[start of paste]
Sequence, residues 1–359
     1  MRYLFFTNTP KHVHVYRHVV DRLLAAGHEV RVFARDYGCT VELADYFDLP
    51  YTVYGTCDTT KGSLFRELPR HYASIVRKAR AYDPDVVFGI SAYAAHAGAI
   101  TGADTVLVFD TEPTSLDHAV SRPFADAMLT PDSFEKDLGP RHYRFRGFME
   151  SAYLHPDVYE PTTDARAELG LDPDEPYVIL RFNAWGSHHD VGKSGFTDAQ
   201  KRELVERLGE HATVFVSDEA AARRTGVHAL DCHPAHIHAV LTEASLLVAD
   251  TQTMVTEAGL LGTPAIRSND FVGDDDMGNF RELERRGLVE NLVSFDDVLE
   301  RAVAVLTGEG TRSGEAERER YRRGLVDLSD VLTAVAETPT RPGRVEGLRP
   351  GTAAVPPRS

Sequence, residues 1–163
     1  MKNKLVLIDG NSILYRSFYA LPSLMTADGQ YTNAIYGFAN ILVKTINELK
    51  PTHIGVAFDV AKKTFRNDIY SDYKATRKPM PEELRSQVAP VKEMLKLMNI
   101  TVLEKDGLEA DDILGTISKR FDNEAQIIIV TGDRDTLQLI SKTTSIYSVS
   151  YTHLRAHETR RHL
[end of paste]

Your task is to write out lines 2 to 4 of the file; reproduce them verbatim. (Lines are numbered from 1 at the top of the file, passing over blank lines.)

     1  MRYLFFTNTP KHVHVYRHVV DRLLAAGHEV RVFARDYGCT VELADYFDLP
    51  YTVYGTCDTT KGSLFRELPR HYASIVRKAR AYDPDVVFGI SAYAAHAGAI
   101  TGADTVLVFD TEPTSLDHAV SRPFADAMLT PDSFEKDLGP RHYRFRGFME